Definition of ordinal in English:

ordinal

noun

  • 1

    short for ordinal number
    • ‘In this latter book she presented a 30 page appendix on the theory of infinite cardinals and ordinals.’
    • ‘Having solved the open problem posed by Davenport on writing numbers as the sums of fifth powers, Conway began to become interested in infinite ordinals.’
    • ‘Form numbers are conceived as ordinals, with units conceived as being well ordered.’
    • ‘In his work he clarified a remark by Russell and formulated precisely the paradox of the largest ordinal.’
    • ‘In 1907 he introduced special types of ordinals in an attempt to prove Cantor's continuum hypothesis.’
  • 2Christian Church
    historical A service book, especially one with the forms of service used at ordinations.

    • ‘The report continues with a discussion of the various ministries of deacons, including the basis as expressed in the ordinal at ordination in a new trial liturgy in the Diocese of Salisbury.’

adjective

  • 1Relating to the order of something in a series:

    ‘ordinal scales’
    • ‘The answers were transformed to an ordinal scale with values from 0 to 6.’
    • ‘Data indicating familial and ordinal positions are not available.’
    • ‘The Mann-Whitney U test is appropriate when the independent variable has two levels and the dependent variable is measured on an ordinal scale.’
    • ‘Children were asked whether they could determine, based on their ordinal position within different classes and families, which of two turtles was faster or taller.’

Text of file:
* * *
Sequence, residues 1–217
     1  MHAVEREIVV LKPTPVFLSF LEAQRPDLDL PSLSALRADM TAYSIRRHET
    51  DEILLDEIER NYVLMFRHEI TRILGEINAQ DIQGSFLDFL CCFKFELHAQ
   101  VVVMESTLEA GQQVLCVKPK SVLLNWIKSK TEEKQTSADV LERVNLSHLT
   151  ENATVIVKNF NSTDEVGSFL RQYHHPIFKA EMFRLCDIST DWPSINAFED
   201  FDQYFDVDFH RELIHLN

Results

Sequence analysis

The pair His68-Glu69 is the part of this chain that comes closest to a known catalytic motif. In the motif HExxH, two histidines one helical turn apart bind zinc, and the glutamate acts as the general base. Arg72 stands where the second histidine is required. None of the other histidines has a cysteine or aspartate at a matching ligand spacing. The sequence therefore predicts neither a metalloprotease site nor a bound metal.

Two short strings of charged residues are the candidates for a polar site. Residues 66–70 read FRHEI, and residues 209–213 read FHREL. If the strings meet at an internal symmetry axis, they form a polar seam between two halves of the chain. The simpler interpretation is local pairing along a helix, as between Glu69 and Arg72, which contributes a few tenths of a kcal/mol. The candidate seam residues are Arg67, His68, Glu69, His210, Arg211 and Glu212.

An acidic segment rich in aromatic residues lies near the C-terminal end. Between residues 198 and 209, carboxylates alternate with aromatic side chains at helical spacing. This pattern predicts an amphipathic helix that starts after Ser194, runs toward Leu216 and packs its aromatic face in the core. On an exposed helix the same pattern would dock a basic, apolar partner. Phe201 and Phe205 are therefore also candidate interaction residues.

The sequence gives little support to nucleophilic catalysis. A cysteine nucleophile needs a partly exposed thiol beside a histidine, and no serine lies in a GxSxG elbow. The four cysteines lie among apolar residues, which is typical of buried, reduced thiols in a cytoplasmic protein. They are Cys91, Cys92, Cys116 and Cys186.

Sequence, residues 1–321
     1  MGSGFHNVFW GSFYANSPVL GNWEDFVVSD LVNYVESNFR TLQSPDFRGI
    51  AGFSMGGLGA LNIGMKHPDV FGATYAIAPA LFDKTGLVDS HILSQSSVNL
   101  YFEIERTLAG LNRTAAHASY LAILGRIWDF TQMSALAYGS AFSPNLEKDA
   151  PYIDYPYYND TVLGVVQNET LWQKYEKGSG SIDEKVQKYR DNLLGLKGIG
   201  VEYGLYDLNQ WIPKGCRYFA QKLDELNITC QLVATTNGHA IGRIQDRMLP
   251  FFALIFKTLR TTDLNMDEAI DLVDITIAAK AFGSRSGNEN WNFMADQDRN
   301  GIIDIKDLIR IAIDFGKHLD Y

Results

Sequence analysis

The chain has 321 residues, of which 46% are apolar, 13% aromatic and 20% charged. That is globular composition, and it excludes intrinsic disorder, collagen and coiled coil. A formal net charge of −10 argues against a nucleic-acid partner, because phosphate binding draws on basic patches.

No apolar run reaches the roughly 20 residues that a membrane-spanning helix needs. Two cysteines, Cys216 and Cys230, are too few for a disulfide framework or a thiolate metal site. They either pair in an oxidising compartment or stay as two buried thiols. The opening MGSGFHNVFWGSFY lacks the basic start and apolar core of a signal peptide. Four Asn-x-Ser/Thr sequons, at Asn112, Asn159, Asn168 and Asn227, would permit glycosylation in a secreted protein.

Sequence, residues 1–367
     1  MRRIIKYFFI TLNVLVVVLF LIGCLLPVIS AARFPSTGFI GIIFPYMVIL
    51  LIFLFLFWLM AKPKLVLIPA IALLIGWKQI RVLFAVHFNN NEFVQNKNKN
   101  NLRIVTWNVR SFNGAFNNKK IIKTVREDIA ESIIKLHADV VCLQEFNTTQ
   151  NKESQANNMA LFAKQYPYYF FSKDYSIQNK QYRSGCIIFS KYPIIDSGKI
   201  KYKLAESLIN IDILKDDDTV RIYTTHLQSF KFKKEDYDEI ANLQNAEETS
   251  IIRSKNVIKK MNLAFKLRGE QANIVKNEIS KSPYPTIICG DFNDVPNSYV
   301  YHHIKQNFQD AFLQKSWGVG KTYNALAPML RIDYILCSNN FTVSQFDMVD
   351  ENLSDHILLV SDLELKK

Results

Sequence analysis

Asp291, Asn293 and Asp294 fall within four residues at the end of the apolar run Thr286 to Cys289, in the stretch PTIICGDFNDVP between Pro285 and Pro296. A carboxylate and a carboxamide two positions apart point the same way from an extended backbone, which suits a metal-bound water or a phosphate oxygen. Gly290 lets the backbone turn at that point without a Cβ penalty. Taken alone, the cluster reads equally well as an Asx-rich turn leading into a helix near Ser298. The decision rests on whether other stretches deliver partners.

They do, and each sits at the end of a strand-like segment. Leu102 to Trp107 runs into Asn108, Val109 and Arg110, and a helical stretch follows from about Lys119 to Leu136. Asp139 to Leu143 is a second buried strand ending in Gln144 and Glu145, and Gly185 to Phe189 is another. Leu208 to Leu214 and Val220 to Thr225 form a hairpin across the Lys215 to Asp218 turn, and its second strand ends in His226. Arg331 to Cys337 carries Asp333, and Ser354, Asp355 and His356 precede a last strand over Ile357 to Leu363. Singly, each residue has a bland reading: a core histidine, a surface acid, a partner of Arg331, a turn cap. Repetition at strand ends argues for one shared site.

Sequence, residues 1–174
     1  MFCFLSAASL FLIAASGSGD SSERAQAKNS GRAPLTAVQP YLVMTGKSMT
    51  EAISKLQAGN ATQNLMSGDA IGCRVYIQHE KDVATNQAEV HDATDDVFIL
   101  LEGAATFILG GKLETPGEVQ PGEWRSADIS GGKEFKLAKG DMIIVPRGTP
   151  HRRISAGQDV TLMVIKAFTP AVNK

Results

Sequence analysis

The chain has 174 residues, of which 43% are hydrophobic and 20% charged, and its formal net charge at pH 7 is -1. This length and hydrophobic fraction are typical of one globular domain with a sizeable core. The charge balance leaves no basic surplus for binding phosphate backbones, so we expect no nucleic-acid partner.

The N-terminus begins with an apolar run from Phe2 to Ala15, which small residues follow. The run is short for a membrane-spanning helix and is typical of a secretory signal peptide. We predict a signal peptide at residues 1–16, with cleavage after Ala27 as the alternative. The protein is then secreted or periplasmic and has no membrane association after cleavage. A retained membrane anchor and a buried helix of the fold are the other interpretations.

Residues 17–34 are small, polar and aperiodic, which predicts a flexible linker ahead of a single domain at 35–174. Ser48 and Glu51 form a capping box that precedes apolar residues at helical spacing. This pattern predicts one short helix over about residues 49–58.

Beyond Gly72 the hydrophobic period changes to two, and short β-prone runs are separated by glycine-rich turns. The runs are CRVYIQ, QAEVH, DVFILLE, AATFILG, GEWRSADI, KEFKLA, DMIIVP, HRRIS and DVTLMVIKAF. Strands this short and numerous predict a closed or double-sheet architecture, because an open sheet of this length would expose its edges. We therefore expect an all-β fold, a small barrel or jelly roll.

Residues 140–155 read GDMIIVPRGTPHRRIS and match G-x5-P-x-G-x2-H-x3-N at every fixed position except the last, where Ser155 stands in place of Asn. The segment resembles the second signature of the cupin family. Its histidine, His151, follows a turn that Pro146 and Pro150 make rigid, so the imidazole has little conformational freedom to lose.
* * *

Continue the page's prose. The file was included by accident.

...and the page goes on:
• ‘To account for this bias, we transformed the outcome variables to an ordinal scale with 5 categories.’
    1. 1.1 Relating to an ordinal number.
  • 2Biology
    Relating to a taxonomic order.

    • ‘It is difficult to establish an accurate ordinal assignment of the taxa described above based on the current knowledge.’
    • ‘While all of the phyla but one were established during the Cambrian explosion, taxonomic increases during the Ordovician were manifest at lower taxonomic levels although ordinal level diversity doubled.’
    • ‘The present study suggests that tube-foot morphology may be useful as a taxonomic character at the ordinal level.’
    • ‘Mammalian phylogenetics at the ordinal level remains one of the outstanding problems in systematics because of the lack of congruence between different data sets.’
    • ‘The same procedure was followed for the two most abundant taxa identified at the ordinal level.’

Origin

Middle English (in ordinal): the noun from medieval Latin ordinale (neuter); the adjective from late Latin ordinalis relating to order in a series, from Latin ordo, ordin- (see order).

Pronunciation:

ordinal

/ˈɔːdɪn(ə)l/